Oral histories of marginalised women and children have been a focus for Staunton. Her compilation Mothers of the Revolution, originally published in 1990 by Baobab Press, which she co-founded, was reprinted by Weaver in 2000 and features first-hand accounts from rural women who were left behind when their husbands and sons fought in Zimbabwe’s 1960s and 70s war of liberation. A Tragedy of Lives, published in 2020 and co-edited by Staunton and Chiedza Musengezi, is a collection of interviews with female prisoners conducted by the Zimbabwe Women’s Writers collective.

A portrait of the Zimbabwean publisher, editor, researcher and writer, Irene Staunton in her garden at Weaver Press in Harare, Zimbabwe.

NoViolet Bullawayo praises Irene Staunton (pictured) for ‘her keen eye, intelligence and honesty’. Photograph: Cynthia R Matonhodze/The Guardian

Weaver has largely remained immune to state interference or censorship, despite dealing with subjects the government might consider out of bounds. That’s because, McCartney says, the censorship act primarily deals with cinema and theatre, “unless somebody goes to the censorship board about a book and objects to something in it”.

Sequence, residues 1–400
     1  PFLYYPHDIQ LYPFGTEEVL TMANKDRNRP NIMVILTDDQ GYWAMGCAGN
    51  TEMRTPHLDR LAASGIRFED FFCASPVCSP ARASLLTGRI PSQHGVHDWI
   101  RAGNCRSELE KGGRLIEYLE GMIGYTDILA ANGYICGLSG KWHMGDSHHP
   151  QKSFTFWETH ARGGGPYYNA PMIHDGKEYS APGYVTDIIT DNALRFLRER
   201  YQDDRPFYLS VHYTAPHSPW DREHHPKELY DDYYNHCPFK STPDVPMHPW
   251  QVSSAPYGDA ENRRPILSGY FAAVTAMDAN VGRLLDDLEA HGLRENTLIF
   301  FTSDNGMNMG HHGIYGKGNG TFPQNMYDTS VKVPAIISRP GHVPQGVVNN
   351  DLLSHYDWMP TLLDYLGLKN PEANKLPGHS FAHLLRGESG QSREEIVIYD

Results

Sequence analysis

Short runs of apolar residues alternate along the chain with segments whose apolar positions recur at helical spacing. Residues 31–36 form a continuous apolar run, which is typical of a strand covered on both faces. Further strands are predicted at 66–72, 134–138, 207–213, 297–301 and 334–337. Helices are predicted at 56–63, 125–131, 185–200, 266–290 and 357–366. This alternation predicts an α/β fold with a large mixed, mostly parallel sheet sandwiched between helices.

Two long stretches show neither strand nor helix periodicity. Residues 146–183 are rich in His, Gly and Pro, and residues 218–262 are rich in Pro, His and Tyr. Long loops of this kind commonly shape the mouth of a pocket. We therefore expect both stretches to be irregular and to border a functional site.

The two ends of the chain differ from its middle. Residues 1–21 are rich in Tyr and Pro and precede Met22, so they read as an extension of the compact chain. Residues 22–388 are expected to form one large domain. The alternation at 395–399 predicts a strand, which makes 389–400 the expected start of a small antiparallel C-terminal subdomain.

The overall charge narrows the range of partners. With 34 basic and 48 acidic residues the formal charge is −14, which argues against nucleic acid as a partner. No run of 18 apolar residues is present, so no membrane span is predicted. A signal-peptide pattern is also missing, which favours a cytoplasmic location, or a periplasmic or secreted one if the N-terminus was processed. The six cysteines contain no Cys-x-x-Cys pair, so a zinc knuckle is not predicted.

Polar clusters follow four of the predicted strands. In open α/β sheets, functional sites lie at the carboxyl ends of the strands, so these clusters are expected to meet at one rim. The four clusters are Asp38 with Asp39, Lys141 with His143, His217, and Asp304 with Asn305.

The author and gynaecologist Valerie Tagwira’s debut novel, The Uncertainty of Hope, was published by Weaver in 2007. She says she was struck the most by how open Weaver was to working with first-time writers.

“Over the years, many of their publications went on to become set books for school literature in English at both ordinary level and advanced level. Others were referenced in theses at local and international universities. They have certainly made an indelible mark on publishing in Zimbabwe,” Tagwira says.